In a new study, researchers used machine learning to make accurate forecasts of whether animals carry dangerous pathogens. The researchers say the predictions could help experts improve how they prevent and respond to disease outbreaks.
The researchers developed software to analyze a large database of mammalian habits and habitats, including the geographic range and reproductive strategies for hundreds of species. The program evaluated 86 variables, including body size, life span, and population density, to identify patterns common among animals known to carry zoonotic diseases.
Team leader Barbara Han at the Cary Institute of Ecosystem Studies and her colleagues restricted their analysis to rodents, which carry a disproportionately high number of zoonotic diseases. Han and her team first used the program to identify lifestyle patterns common to rodents harboring diseases such as black plague, rabies, and hanta virus, and found their model had an accuracy rate of 90 percent. After the machine "learned" the telltale signs, the researchers searched for new rodents that fit the profile but were not previously thought to be carriers.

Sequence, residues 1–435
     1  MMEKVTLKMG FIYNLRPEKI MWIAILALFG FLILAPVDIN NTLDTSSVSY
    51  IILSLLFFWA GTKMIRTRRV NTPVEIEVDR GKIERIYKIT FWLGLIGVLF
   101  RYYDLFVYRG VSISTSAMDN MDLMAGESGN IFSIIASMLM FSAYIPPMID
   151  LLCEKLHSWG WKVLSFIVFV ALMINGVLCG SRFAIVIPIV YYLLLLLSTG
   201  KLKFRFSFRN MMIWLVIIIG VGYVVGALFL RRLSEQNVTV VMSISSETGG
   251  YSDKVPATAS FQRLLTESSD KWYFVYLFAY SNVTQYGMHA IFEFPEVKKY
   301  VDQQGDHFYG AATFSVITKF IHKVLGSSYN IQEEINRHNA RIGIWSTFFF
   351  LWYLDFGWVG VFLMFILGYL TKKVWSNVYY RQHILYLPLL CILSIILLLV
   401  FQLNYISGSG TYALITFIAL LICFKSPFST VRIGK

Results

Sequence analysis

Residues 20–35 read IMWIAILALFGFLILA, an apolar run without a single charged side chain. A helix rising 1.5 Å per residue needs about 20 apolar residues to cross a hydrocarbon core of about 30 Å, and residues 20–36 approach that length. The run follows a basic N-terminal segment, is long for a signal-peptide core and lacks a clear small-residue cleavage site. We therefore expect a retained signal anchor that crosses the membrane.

The researchers say the program already has found more than 150 new animal species that could harbor zoonotic diseases. The program also predicted 58 new infections in rodents that were already known to carry one zoonotic disease.
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